US2206715A - Temperature responsive apparatus - Google Patents

Temperature responsive apparatus Download PDF

Info

Publication number
US2206715A
US2206715A US184876A US18487638A US2206715A US 2206715 A US2206715 A US 2206715A US 184876 A US184876 A US 184876A US 18487638 A US18487638 A US 18487638A US 2206715 A US2206715 A US 2206715A
Authority
US
United States
Prior art keywords
temperature
bridge
coil
resistance
ratio
Prior art date
Legal status (The legal status is an assumption and is not a legal conclusion. Google has not performed a legal analysis and makes no representation as to the accuracy of the status listed.)
Expired - Lifetime
Application number
US184876A
Inventor
Burat Herbert
Hermann R Eggers
Current Assignee (The listed assignees may be inaccurate. Google has not performed a legal analysis and makes no representation or warranty as to the accuracy of the list.)
General Electric Co
Original Assignee
General Electric Co
Priority date (The priority date is an assumption and is not a legal conclusion. Google has not performed a legal analysis and makes no representation as to the accuracy of the date listed.)
Filing date
Publication date
Application filed by General Electric Co filed Critical General Electric Co
Application granted granted Critical
Publication of US2206715A publication Critical patent/US2206715A/en
Anticipated expiration legal-status Critical
Expired - Lifetime legal-status Critical Current

Links

Images

Classifications

    • GPHYSICS
    • G01MEASURING; TESTING
    • G01KMEASURING TEMPERATURE; MEASURING QUANTITY OF HEAT; THERMALLY-SENSITIVE ELEMENTS NOT OTHERWISE PROVIDED FOR
    • G01K7/00Measuring temperature based on the use of electric or magnetic elements directly sensitive to heat ; Power supply therefor, e.g. using thermoelectric elements
    • G01K7/16Measuring temperature based on the use of electric or magnetic elements directly sensitive to heat ; Power supply therefor, e.g. using thermoelectric elements using resistive elements
    • G01K7/18Measuring temperature based on the use of electric or magnetic elements directly sensitive to heat ; Power supply therefor, e.g. using thermoelectric elements using resistive elements the element being a linear resistance, e.g. platinum resistance thermometer
    • G01K7/20Measuring temperature based on the use of electric or magnetic elements directly sensitive to heat ; Power supply therefor, e.g. using thermoelectric elements using resistive elements the element being a linear resistance, e.g. platinum resistance thermometer in a specially-adapted circuit, e.g. bridge circuit

Definitions

  • Our invention relates to temperature responsive devices and concerns particularly apparatus of the resistance type for measuring temperature.
  • such an indicatingscale is obtained in a temperature measuring device containing a 5 temperature responsive resistor in one of the arms of a bridge, by utilizing a crossed coil ratio instrument with a restraining coil arranged so that the ratio of the current flowing through the restraining coil to the current flowing in the tem- 55 perature responsive resistor becomes smaller with to measure temperatures accurately in the lower increasing temperature.
  • a lower temperature produces .a greater restraining force and a smaller sensitivity and a higher temperature produces a smaller restraining force and a higher sensitivity.
  • FIG. l is a schematic diagram showing the electrical circuits of one embodiment of our invention in which separate bridges are used for the restraining and deflection coils of the ratio instrument and a common current source is employed.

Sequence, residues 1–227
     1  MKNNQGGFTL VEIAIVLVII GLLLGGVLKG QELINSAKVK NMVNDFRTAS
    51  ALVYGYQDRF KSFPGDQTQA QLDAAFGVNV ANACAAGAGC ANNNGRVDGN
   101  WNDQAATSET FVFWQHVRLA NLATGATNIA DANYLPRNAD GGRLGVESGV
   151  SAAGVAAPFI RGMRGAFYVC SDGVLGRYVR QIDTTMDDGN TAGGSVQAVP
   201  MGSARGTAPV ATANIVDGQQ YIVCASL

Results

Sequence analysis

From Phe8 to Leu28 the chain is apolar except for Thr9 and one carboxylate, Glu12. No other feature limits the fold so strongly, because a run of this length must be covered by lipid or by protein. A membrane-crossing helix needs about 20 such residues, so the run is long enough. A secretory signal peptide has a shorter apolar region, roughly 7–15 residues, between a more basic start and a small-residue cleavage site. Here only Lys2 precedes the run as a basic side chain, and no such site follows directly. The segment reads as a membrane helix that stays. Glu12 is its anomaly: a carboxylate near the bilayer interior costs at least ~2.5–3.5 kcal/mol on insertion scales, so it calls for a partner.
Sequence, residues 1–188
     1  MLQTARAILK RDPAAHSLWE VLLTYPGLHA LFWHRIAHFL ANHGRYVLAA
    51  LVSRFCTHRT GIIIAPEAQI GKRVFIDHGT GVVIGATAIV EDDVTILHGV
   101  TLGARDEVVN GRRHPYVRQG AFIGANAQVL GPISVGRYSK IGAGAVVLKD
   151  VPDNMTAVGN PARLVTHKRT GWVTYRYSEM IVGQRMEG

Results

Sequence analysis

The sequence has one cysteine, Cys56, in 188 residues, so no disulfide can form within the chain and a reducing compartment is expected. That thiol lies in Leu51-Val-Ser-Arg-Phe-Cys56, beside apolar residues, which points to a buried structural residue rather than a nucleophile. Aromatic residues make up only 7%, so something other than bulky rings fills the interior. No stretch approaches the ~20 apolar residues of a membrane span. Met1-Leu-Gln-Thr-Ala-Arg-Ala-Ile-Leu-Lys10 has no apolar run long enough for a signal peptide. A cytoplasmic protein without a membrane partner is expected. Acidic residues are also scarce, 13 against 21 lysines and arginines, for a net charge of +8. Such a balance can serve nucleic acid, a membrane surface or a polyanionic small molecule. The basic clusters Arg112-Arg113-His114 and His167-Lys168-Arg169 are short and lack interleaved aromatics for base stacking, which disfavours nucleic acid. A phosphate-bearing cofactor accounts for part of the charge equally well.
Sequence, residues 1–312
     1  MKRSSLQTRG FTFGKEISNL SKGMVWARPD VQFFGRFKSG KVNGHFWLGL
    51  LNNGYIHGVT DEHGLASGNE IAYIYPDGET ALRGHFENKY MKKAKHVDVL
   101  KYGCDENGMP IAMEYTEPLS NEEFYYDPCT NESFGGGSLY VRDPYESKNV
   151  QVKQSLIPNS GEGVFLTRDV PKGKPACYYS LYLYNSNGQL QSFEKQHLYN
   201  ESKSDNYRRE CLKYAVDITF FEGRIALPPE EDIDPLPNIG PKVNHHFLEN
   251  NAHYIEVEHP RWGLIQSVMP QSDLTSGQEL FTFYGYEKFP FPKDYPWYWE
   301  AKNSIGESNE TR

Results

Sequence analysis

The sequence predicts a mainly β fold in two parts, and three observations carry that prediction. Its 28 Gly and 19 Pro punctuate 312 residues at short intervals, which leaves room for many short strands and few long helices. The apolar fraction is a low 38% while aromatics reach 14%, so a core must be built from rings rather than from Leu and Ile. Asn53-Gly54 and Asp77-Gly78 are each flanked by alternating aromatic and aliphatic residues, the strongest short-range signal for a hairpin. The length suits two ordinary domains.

• Figure 2 is a sample ofthe scale which 20 may be obtained by employing our invention.
  • Fig. 1 The principle of operation of the invention may be grasped more easilyby consideration of the embodiment of Fig. 1.
  • this arrangement there are two resistance bridges ll and ll of the 25 Wheatstone type each having three resistance arms of constant resistance and one arm of temperature response resistance.
  • a ratio instrument ll ofany suitabletype having a pair of cooperating ratio coils one of which is connected in the diagonal of the bridge I l and the other of which is connected in the diagonal of the bridge l2.
  • lateral arms of the bridge ll consist of the fixed resistance resistors l5, l6 and I1 and a temperature responsive resistor l8; and the lateral arms of the bridge l2 consist of the fixedresistance resistors I9, 20 and 2
  • the temperature responsive resistors l8 and 22 are located at the point at which 40.
  • the diagonal or cross arm of the bridge ll. includes the/main or deflection producing coil 23 of the ratio instrument l4; and the cross or diagonal arm of the bridge I! includes the other cooperating coil, 1. e., the auxiliary or restraining coil 24 of the ratio instrument ll.
  • the ratio instrument It may be of any desired type, for the sake of illustration shown as crossed coil instrument having angularly displaced coils 23 and 24 mounted upon a pivoted shaft (not shown) carrying a pointer 25 cooperating with a scale 26.
  • this type of instrument there is a. field structure represented by north and south poles 21 of a permanent magnet.
  • Such ratio instruments operate upon the well-known principle in accordance with which one of the coils, referred to for convenience as a deflection producing coil, produces deflection of the movable element in one direction and thereby moves into a portion of the magnetic field reducing its torque; and the movement is opposed by a second coil, referred to for the sake of convenience as a restraining coil, which is deflected by the movement to a portion of the magnetic field where its own torque becomes greater so that an equilibrium is reached in which. the torques are balanced; and the position at which this equilibrium is reached depends upon the relative magnitudes of the currents flowing in the two crossed coils.
  • the auxiliary or restraining coil 24 is connected in the bridge l2 which is so arranged that for a low temperature a relatively greater current flows through the coil 24 which corresponds to a large restraining force and a small sensitivity, while for a higher temperature a smaller current flows through the restraining coil 24 which corresponds to a small restraining force and a greater sensitivity.